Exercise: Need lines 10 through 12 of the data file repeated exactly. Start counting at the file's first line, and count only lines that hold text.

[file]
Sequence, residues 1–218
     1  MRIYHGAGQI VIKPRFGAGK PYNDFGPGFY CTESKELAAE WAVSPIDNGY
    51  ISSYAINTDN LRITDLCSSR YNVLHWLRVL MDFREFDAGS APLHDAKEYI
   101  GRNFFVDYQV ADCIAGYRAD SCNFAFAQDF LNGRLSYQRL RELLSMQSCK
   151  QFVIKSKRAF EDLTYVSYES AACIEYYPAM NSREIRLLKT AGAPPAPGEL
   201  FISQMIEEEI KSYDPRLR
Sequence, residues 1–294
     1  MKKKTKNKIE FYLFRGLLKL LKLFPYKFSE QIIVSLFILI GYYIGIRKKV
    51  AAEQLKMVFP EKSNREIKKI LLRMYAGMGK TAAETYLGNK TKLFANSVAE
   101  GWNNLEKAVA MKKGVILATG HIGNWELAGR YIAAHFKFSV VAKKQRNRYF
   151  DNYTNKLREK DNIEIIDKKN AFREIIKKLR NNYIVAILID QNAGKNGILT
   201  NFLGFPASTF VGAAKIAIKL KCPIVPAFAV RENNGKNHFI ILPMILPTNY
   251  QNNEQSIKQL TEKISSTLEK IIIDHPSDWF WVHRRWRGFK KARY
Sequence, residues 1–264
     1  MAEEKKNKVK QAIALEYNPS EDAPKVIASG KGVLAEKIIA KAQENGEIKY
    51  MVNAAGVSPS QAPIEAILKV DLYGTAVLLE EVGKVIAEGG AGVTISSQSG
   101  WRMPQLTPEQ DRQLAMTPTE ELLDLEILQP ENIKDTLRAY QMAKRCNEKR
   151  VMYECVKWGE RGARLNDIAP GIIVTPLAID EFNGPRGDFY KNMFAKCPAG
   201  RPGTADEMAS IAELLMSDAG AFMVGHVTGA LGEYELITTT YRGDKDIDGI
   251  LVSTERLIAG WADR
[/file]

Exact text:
   101  GWNNLEKAVA MKKGVILATG HIGNWELAGR YIAAHFKFSV VAKKQRNRYF
   151  DNYTNKLREK DNIEIIDKKN AFREIIKKLR NNYIVAILID QNAGKNGILT
   201  NFLGFPASTF VGAAKIAIKL KCPIVPAFAV RENNGKNHFI ILPMILPTNY